Carl Sagan wrote some of the most wonderful short stories, articles and non-fictions I have ever come across. In my brief encounter with some of his works, the "Reflection on a Mote of Dust" from Pale Blue Dot turned out to be the most captivating, and shall I say, humiliating. It puts everything in a universal perspective. The "Bad Astronomy Blog" described it as "the required reading of every human on this planet", and I couldn't quite object to the superlative.
It's something that should be shared with everyone. As a lead, this picture was taken by Voyager 1 in 1990, from more than 6 billion kilometers from Earth. Carl Sagan was so moved by the immensity of this picture that he wrote down the following:
We are always humbled by the observation of the natural world. The sheer scale of astronomy, and the minuscule world of the microbiology are the two extremes of the physical spectrum, but they are both sources of inspiration to us. We always think of ourselves as the most important beings that have ever existed, ignorant of the fact that both the universe and the bacteria could exterminate us in a matter of seconds. How lucky we are to be here at all.
We succeeded in taking that picture [from deep space], and, if you look at it, you see a dot. That's here. That's home. That's us. On it, everyone you ever heard of, every human being who ever lived, lived out their lives. The aggregate of all our joys and sufferings, thousands of confident religions, ideologies and economic doctrines, every hunter and forager, every hero and coward, every creator and destroyer of civilizations, every king and peasant, every young couple in love, every hopeful child, every mother and father, every inventor and explorer, every teacher of morals, every corrupt politician, every superstar, every supreme leader, every saint and sinner in the history of our species, lived there on a mote of dust, suspended in a sunbeam.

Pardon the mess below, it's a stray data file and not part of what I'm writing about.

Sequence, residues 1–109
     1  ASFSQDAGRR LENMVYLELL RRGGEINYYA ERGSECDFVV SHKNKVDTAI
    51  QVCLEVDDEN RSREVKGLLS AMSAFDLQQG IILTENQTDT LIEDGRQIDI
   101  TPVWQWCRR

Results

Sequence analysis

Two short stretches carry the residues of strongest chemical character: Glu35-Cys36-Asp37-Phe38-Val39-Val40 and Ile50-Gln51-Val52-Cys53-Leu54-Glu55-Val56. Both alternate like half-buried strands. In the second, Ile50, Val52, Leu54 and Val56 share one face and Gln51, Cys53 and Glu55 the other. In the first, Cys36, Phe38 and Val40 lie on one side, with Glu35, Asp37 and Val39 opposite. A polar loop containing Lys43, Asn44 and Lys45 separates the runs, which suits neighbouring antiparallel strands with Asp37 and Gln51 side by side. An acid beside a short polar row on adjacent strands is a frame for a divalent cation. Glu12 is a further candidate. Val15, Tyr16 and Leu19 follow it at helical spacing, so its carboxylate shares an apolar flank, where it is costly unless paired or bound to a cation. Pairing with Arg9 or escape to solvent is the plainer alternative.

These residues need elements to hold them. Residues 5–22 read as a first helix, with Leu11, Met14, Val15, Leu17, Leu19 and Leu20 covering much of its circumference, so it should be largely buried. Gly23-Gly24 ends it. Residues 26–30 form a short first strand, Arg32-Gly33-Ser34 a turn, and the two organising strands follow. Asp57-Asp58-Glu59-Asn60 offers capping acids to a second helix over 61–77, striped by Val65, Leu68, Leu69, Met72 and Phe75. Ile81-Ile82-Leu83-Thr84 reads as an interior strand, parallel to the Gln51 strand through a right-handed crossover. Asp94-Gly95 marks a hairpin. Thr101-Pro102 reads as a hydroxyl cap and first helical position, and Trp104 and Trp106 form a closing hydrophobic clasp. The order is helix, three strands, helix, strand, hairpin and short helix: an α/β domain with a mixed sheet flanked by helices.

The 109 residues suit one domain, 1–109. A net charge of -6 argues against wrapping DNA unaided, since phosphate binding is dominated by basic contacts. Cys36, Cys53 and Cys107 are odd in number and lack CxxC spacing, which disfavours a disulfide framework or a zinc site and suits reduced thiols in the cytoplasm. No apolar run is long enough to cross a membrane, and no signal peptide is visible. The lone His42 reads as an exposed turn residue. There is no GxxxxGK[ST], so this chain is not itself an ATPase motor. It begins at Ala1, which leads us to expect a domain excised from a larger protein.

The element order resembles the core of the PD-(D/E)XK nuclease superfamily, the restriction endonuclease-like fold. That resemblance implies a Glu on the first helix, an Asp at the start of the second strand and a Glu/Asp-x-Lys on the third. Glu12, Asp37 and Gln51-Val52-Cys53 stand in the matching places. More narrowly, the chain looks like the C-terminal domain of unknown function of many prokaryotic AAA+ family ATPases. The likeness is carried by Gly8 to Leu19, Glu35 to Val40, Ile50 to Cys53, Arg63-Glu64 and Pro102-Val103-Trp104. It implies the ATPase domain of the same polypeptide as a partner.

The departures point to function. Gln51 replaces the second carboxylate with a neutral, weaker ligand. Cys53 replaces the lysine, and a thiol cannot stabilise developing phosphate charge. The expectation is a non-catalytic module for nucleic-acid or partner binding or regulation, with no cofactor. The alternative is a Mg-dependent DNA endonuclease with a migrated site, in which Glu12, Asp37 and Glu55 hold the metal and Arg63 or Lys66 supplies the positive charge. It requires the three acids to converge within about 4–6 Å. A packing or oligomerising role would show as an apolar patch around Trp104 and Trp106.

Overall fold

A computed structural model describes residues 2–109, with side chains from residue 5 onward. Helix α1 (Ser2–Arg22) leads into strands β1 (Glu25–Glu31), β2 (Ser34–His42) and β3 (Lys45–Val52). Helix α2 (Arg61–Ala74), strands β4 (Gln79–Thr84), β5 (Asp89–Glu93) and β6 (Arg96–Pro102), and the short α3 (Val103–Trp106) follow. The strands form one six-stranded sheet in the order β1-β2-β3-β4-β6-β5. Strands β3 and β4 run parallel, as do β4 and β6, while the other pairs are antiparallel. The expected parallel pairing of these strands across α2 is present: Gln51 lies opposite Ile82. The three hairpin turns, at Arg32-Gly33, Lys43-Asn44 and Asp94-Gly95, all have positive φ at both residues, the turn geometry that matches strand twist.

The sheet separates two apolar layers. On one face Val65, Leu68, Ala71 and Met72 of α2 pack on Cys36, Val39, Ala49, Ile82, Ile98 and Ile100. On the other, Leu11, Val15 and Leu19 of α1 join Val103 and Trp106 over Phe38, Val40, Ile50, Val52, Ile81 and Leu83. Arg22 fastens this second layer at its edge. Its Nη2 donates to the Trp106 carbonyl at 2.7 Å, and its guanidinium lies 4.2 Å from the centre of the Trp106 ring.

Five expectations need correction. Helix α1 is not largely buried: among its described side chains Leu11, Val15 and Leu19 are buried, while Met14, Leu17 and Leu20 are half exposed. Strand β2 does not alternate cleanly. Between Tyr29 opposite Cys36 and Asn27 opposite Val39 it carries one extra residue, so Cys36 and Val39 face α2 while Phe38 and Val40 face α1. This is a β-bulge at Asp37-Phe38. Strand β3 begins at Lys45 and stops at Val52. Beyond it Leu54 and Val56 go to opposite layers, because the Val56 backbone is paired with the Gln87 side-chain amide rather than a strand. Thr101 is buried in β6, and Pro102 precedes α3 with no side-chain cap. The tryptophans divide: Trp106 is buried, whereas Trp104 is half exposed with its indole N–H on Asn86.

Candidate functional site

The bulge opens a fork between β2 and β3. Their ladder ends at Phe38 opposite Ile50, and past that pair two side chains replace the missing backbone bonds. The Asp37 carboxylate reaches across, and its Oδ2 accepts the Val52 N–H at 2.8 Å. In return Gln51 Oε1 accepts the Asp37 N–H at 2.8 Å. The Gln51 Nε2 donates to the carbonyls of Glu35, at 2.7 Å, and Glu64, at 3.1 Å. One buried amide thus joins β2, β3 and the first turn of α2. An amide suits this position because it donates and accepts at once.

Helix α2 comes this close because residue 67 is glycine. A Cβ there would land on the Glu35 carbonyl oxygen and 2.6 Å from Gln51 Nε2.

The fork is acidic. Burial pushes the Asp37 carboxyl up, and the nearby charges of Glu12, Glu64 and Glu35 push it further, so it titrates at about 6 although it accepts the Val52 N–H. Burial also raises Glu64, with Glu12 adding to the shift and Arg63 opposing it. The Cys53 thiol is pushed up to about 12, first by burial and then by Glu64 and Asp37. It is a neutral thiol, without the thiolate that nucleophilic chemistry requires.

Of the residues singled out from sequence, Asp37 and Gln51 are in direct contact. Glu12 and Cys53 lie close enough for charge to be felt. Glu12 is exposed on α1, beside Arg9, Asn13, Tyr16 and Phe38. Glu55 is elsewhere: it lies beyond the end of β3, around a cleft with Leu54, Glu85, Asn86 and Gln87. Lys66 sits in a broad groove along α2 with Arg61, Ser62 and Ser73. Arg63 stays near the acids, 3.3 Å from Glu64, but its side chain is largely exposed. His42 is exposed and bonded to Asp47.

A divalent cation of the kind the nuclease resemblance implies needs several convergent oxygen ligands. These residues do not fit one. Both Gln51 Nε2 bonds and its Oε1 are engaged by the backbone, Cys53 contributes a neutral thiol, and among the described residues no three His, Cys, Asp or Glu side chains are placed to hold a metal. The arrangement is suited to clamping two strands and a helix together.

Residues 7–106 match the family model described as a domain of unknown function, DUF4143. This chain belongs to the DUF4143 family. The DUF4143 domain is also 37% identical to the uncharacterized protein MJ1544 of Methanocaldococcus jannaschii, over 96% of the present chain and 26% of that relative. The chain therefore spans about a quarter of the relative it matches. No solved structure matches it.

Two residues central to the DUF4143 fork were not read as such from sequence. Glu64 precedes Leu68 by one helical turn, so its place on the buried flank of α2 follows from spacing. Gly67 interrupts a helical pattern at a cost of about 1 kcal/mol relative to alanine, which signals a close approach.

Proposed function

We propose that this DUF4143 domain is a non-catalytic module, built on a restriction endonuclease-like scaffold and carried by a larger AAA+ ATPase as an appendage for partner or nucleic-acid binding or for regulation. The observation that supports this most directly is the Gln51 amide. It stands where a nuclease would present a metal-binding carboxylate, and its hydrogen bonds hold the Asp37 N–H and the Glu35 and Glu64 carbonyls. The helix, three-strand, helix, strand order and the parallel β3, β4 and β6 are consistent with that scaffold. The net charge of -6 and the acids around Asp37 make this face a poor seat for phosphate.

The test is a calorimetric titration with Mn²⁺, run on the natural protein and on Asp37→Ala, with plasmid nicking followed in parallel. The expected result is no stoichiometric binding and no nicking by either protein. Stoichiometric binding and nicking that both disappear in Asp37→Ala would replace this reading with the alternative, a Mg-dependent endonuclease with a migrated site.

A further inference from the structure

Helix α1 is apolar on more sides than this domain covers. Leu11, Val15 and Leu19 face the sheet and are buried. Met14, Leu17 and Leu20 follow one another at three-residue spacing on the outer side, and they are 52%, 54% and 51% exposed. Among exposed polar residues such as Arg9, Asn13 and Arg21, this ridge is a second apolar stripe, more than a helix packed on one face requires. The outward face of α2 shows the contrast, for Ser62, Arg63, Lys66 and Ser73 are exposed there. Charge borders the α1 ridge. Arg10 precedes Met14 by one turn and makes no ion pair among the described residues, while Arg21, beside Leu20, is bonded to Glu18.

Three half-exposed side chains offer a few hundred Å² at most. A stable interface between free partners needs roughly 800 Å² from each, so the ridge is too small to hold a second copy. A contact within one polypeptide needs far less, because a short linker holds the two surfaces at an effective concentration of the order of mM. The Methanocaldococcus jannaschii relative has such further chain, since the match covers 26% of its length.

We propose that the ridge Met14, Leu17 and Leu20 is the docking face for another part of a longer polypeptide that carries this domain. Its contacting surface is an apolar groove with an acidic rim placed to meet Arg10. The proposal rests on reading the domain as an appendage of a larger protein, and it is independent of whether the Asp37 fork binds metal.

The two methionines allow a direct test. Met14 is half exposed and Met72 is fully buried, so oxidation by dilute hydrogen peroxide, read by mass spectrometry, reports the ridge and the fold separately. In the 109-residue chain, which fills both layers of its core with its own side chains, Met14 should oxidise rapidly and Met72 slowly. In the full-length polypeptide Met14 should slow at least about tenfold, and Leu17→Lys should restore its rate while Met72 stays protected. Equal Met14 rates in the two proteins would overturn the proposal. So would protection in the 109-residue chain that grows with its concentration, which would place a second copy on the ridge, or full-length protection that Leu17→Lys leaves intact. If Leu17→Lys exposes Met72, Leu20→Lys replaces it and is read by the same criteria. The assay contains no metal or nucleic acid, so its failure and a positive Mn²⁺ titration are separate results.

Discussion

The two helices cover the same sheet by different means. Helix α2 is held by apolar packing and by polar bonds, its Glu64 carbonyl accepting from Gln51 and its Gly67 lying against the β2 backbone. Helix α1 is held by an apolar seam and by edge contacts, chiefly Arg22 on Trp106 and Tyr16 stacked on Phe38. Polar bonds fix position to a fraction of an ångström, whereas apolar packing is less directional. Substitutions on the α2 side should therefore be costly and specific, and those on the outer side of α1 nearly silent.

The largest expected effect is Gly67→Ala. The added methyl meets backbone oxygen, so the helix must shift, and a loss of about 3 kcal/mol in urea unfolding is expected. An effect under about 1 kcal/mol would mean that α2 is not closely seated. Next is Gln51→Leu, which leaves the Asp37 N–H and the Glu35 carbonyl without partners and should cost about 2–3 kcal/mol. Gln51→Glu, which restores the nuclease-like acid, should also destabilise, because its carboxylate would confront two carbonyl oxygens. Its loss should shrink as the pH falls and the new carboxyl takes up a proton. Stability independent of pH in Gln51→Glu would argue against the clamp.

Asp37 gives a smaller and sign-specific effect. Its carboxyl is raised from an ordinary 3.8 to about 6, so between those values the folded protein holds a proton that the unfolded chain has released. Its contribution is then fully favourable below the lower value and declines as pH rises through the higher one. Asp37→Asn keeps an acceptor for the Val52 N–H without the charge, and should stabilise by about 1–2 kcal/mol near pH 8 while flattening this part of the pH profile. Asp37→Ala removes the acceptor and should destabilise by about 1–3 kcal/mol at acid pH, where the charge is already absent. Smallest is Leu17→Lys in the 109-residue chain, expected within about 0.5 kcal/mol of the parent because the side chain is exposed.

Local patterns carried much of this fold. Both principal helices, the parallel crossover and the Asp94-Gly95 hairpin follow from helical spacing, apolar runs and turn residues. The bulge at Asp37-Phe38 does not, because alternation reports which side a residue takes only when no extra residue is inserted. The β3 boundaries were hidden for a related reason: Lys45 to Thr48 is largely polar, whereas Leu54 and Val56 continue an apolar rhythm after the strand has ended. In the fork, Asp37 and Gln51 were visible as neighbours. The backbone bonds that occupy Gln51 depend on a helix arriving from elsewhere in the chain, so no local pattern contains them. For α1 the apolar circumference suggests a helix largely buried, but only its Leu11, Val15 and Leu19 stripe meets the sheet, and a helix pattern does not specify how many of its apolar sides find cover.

The earth is a very small stage in a vast cosmic arena. Think of the rivers of blood spilled by all those generals and emperors so that in glory and in triumph they could become the momentary masters of a fraction of a dot. Think of the endless cruelties visited by the inhabitants of one corner of the dot on scarcely distinguishable inhabitants of some other corner of the dot. How frequent their misunderstandings, how eager they are to kill one another, how fervent their hatreds. Our posturings, our imagined self-importance, the delusion that we have some privileged position in the universe, are challenged by this point of pale light.
Our planet is a lonely speck in the great enveloping cosmic dark. In our obscurity -- in all this vastness -- there is no hint that help will come from elsewhere to save us from ourselves. It is up to us. It's been said that astronomy is a humbling, and I might add, a character-building experience. To my mind, there is perhaps no better demonstration of the folly of human conceits than this distant image of our tiny world. To me, it underscores our responsibility to deal more kindly and compassionately with one another and to preserve and cherish that pale blue dot, the only home we've ever known.
Perhaps they are some good reasons for us to be humble.